Though Radiohead had established a solid reputation by 1997 on the strength of their 1993 debut album Pablo Honey and its 1995 successor The Bends, the arrival of their ambitiously expansive OK Computer in May of that year transformed the band into musical deities across the globe.
But while some bands—albeit spurred on by their record labels—would have set out to craft OK Computer Part II after experiencing such ubiquitous critical and commercial acclaim, the unpredictable pair of albums that Radiohead created next reinforced that they are indeed the antithesis of some band.
Recorded between early 1999 and the spring of 2000, Kid A was unveiled in October 2000 and showcased the band’s sonic evolution, as they embraced more electronic textures and ambient melodies as a complement to the more traditional live instrumentation heard on their previous efforts. Beyond its pervasive synths and machine-driven percussion, the album also found the group exploring a notably more varied palette of inspirations, including classical music, free jazz and krautrock. Though no official singles were released from the LP, the 10-track affair comprises some of Radiohead’s finest compositions of their career, including “Everything in Its Right Place,” “Idioteque,” “In Limbo,” and “The National Anthem.”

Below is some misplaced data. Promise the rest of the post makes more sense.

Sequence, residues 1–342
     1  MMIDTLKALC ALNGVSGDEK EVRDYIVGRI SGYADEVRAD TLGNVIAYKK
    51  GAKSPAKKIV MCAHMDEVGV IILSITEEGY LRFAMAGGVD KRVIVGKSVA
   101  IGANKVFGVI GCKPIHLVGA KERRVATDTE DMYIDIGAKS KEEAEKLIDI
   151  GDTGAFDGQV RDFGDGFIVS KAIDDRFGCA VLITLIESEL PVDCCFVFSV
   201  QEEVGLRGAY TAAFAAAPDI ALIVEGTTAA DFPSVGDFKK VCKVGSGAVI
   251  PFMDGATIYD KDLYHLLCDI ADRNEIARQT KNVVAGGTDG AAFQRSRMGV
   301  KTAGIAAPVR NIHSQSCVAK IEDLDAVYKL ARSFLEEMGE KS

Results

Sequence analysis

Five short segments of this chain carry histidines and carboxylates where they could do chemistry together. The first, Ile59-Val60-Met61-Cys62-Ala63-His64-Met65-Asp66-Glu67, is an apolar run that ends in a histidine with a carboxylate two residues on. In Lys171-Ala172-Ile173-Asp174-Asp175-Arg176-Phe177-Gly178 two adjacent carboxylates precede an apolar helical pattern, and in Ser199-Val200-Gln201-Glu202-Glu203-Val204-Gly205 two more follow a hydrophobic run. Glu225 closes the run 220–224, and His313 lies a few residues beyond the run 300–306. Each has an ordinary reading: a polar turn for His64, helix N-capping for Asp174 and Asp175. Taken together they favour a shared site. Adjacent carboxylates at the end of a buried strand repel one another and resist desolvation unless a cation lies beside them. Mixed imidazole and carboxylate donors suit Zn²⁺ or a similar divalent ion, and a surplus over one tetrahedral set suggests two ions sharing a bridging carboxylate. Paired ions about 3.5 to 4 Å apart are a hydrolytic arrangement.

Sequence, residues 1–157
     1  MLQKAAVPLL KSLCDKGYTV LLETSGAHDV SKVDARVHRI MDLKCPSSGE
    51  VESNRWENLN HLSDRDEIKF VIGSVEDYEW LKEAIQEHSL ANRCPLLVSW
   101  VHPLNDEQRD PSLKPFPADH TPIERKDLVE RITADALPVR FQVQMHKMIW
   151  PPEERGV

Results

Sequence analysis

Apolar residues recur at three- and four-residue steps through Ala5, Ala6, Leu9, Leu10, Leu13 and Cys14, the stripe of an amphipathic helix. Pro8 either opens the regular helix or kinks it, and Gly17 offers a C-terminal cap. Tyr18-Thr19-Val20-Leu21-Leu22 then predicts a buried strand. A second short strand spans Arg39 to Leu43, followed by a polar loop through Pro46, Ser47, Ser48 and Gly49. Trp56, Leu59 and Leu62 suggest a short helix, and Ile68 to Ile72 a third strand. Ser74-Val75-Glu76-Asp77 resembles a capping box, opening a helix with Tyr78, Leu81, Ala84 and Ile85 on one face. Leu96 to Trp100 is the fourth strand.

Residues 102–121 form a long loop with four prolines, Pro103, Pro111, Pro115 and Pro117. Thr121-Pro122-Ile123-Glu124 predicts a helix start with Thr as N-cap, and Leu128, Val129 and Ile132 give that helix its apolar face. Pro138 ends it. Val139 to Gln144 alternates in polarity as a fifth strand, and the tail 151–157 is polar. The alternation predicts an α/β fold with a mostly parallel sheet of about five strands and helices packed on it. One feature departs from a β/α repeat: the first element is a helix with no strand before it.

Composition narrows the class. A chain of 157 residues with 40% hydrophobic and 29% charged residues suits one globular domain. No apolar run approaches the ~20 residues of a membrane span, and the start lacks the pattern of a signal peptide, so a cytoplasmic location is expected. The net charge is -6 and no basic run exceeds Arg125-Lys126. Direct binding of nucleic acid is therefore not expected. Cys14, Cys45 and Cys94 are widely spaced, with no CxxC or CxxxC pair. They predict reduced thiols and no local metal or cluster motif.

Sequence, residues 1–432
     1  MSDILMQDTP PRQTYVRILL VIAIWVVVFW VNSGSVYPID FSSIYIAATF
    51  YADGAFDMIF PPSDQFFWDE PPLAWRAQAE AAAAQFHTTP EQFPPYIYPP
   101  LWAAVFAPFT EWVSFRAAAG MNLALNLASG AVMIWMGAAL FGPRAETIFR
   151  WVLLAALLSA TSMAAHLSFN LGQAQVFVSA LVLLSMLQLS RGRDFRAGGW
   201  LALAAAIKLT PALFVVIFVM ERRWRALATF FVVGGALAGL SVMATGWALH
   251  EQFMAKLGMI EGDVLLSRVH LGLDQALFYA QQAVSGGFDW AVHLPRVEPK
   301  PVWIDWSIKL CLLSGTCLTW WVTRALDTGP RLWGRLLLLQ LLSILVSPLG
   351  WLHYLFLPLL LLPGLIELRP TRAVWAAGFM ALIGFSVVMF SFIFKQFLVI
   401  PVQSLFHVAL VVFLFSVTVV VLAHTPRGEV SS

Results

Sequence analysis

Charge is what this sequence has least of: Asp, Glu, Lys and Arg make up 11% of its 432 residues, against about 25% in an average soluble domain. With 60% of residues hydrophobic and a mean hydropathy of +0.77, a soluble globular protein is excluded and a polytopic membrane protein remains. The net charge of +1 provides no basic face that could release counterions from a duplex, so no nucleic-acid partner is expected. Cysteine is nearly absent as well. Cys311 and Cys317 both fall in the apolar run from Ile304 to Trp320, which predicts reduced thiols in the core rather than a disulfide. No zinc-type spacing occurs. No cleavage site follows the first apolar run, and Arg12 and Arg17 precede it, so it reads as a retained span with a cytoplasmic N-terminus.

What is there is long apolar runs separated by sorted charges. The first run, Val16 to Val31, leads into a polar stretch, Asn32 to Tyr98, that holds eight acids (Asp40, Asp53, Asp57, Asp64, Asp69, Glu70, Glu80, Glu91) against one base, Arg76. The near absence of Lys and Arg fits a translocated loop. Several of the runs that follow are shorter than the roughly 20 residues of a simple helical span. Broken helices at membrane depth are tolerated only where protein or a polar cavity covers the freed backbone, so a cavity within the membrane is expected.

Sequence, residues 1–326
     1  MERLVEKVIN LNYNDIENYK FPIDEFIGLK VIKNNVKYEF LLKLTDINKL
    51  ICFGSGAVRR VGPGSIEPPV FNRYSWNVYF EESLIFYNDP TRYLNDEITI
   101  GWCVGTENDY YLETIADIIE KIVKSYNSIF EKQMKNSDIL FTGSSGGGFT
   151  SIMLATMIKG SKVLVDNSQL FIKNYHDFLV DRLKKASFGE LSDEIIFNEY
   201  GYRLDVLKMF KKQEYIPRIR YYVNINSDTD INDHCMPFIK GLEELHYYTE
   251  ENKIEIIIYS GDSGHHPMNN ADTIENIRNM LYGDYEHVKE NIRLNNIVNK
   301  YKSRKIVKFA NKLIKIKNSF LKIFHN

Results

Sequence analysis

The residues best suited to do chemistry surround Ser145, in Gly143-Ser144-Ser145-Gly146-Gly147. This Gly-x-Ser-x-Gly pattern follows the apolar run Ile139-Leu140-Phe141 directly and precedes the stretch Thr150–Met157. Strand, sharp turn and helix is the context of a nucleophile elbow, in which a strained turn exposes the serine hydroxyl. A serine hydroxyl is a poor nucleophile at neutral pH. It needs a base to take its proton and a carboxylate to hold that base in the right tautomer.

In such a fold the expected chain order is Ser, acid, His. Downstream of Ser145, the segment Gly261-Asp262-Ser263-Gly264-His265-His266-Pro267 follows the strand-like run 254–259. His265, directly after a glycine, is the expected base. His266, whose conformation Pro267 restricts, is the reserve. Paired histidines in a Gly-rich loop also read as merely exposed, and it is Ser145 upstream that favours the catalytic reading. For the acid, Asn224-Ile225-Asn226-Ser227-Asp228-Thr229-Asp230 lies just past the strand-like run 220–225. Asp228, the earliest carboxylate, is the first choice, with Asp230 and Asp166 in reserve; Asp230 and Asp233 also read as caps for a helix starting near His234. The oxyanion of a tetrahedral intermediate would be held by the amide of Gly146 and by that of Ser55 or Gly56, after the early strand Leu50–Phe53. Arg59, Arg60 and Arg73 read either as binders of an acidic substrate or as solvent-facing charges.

A short eight months later in June 2001, an additional eleven tracks from the Nigel Godrich-helmed Kid A recording sessions emerged in the form of the band’s fifth studio album Amnesiac. Far from a Kid A outtakes compilation as evidenced by its bevy of sublime tracks such as “I Might Be Wrong,” “Knives Out,” “Pyramid Song,” and “You and Whose Army,” Amnesiac is a nuanced and cohesively executed song suite that expands upon its precursor’s experimental foundations. "When you listen to the two albums, they sound completely different,” guitarist Ed O’Brien insisted to Rolling Stone in May 2001. “They could have been made in different years. The fact is, Kid A and Amnesiac were made at the same time."
Though both albums have been available on special 10-inch double-vinyl since their respective release dates, heavyweight 12-inch double-vinyl editions are now available for the first time. Multiple media outlets and stores have cited this Friday, October 14th as the official release date for both LPs, however the new pressings have already begun to surface across Europe. Regardless of the specific timetable, if Kid A and Amnesiac don’t currently reside in your collection, there’s no better time than now to pick them up and give ‘em a proper spin.